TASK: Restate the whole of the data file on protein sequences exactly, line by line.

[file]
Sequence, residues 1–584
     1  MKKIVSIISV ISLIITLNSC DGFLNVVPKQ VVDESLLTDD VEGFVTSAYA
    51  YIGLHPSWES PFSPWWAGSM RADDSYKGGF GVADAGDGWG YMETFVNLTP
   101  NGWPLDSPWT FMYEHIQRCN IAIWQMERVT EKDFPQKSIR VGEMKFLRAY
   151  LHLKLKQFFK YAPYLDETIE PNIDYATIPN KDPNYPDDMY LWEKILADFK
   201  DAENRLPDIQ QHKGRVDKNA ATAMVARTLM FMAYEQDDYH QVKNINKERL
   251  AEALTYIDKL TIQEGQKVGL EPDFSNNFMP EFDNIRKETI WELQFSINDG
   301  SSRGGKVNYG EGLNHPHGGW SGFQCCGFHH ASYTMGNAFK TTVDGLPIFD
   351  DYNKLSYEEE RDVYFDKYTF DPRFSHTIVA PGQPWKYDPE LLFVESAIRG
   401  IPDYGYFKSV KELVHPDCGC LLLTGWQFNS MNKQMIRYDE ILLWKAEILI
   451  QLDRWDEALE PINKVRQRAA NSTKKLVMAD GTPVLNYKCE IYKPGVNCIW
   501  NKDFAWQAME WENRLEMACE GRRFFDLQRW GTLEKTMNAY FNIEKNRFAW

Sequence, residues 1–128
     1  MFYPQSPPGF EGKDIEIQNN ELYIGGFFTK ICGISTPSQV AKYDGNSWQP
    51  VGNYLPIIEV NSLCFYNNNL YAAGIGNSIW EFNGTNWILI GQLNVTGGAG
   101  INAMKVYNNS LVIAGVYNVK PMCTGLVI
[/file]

Sequence, residues 1–584
     1  MKKIVSIISV ISLIITLNSC DGFLNVVPKQ VVDESLLTDD VEGFVTSAYA
    51  YIGLHPSWES PFSPWWAGSM RADDSYKGGF GVADAGDGWG YMETFVNLTP
   101  NGWPLDSPWT FMYEHIQRCN IAIWQMERVT EKDFPQKSIR VGEMKFLRAY
   151  LHLKLKQFFK YAPYLDETIE PNIDYATIPN KDPNYPDDMY LWEKILADFK
   201  DAENRLPDIQ QHKGRVDKNA ATAMVARTLM FMAYEQDDYH QVKNINKERL
   251  AEALTYIDKL TIQEGQKVGL EPDFSNNFMP EFDNIRKETI WELQFSINDG
   301  SSRGGKVNYG EGLNHPHGGW SGFQCCGFHH ASYTMGNAFK TTVDGLPIFD
   351  DYNKLSYEEE RDVYFDKYTF DPRFSHTIVA PGQPWKYDPE LLFVESAIRG
   401  IPDYGYFKSV KELVHPDCGC LLLTGWQFNS MNKQMIRYDE ILLWKAEILI
   451  QLDRWDEALE PINKVRQRAA NSTKKLVMAD GTPVLNYKCE IYKPGVNCIW
   501  NKDFAWQAME WENRLEMACE GRRFFDLQRW GTLEKTMNAY FNIEKNRFAW

Sequence, residues 1–128
     1  MFYPQSPPGF EGKDIEIQNN ELYIGGFFTK ICGISTPSQV AKYDGNSWQP
    51  VGNYLPIIEV NSLCFYNNNL YAAGIGNSIW EFNGTNWILI GQLNVTGGAG
   101  INAMKVYNNS LVIAGVYNVK PMCTGLVI